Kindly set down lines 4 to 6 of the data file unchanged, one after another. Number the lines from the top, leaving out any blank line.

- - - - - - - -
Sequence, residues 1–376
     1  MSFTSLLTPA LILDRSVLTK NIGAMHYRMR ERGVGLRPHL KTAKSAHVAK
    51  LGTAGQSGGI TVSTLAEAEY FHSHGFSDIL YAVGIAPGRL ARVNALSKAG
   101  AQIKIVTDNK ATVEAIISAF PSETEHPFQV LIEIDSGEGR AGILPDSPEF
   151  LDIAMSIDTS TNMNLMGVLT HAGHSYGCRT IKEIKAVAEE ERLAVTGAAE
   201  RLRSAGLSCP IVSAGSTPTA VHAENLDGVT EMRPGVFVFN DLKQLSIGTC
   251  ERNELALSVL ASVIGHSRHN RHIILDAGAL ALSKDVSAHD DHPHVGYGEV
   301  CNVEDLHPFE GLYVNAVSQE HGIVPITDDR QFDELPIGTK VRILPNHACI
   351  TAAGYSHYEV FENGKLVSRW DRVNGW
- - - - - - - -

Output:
   101  AQIKIVTDNK ATVEAIISAF PSETEHPFQV LIEIDSGEGR AGILPDSPEF
   151  LDIAMSIDTS TNMNLMGVLT HAGHSYGCRT IKEIKAVAEE ERLAVTGAAE
   201  RLRSAGLSCP IVSAGSTPTA VHAENLDGVT EMRPGVFVFN DLKQLSIGTC